They are called “worms,” “wireworms,” “armyworms” and names that are not repeatable, but the pest is always the same -- millipedes. And usually not one millipede, but hoards, hundreds, thousands or millions of millipedes.
When (and if) Iowans think about centipedes they probably picture the house centipede. This common home and garden resident is up to 1.5 inches long and has 15 pairs of very long, slender legs stretched proudly to the sides of the body. Each of the 30, fragile-looking legs is almost equal to the length of the body and is encircled by dark and white bands. The body is brown to grayish-yellow with three dark stripes.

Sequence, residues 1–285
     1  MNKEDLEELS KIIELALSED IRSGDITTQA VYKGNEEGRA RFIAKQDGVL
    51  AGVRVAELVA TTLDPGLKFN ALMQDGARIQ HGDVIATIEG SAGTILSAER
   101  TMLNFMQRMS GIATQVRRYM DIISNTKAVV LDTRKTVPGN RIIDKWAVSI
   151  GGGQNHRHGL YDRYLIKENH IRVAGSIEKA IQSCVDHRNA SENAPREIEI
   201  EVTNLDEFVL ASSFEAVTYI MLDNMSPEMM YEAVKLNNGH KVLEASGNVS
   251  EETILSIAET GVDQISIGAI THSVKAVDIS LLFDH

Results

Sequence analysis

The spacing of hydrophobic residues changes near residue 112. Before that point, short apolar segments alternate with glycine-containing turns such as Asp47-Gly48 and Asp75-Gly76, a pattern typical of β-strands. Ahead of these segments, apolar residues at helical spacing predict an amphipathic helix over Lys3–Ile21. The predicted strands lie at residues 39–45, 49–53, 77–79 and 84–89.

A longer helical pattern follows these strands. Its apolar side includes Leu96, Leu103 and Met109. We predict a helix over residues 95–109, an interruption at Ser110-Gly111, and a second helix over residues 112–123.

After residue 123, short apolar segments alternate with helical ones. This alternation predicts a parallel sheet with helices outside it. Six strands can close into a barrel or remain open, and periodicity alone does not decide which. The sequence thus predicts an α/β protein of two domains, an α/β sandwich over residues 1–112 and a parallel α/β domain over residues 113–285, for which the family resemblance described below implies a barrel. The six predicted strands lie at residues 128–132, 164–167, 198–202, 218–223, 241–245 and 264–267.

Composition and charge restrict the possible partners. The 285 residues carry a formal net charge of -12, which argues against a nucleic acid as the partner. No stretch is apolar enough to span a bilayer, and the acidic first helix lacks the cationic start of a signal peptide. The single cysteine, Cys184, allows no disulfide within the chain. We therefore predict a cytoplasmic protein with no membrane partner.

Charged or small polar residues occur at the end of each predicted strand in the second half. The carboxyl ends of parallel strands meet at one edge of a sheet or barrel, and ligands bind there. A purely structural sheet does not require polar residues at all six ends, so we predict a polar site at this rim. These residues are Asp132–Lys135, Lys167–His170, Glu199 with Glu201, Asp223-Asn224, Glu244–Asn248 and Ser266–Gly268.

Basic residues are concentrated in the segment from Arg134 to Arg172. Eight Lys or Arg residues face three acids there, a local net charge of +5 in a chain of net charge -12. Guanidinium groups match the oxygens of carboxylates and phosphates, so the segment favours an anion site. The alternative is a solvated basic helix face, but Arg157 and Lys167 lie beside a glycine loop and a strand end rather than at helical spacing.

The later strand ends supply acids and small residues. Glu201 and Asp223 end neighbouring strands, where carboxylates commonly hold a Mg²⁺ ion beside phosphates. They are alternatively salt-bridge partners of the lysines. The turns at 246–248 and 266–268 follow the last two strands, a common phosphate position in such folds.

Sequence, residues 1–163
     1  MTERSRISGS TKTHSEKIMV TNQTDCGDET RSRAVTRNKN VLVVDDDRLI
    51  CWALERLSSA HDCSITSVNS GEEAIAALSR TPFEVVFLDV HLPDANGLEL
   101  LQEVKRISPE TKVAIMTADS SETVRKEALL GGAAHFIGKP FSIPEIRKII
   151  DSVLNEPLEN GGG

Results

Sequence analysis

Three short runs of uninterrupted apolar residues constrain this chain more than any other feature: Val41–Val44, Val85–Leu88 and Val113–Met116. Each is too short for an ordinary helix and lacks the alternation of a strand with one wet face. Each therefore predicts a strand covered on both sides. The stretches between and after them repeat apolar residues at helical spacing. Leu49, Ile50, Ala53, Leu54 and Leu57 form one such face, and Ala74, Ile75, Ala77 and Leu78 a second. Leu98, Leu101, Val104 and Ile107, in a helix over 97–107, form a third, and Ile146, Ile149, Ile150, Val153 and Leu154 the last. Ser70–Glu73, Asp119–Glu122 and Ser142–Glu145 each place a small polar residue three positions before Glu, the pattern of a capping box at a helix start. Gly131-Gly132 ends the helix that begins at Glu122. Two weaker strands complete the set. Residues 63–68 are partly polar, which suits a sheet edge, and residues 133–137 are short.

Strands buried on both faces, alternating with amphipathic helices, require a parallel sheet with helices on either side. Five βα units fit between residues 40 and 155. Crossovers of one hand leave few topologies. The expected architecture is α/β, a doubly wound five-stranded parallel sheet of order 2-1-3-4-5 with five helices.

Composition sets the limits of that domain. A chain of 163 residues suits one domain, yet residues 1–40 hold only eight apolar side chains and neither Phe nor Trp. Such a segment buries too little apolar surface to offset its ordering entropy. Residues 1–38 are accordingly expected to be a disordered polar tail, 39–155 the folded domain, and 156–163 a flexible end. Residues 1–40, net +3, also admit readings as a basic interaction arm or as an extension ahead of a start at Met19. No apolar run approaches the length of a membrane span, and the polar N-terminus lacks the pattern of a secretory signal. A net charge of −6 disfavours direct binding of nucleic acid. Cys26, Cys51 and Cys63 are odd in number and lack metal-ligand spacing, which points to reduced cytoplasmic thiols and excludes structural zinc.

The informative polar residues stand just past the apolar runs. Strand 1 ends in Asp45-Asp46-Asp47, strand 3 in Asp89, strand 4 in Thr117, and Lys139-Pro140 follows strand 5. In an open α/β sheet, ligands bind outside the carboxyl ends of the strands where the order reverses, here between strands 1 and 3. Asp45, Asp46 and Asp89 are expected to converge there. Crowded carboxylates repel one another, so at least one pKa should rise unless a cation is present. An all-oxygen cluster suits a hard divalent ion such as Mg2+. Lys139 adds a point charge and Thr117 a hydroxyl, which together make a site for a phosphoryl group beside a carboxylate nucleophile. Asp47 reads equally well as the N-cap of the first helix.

There are both wingless and winged forms, according to Matt O’Neal, assistant professor, Entomology. He says wingless soybean aphid adults are about 1⁄16 inch in length, pale yellow or green, and have dark-tipped cornicles (tail pipes) near the end of the abdomen. The winged form has a shiny black head and thorax with a dark green abdomen and black cornicles.